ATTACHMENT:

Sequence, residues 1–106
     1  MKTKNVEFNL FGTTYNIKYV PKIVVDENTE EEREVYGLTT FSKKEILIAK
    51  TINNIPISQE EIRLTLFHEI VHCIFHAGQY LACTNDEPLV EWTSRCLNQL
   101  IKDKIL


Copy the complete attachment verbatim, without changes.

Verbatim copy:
Sequence, residues 1–106
     1  MKTKNVEFNL FGTTYNIKYV PKIVVDENTE EEREVYGLTT FSKKEILIAK
    51  TINNIPISQE EIRLTLFHEI VHCIFHAGQY LACTNDEPLV EWTSRCLNQL
   101  IKDKIL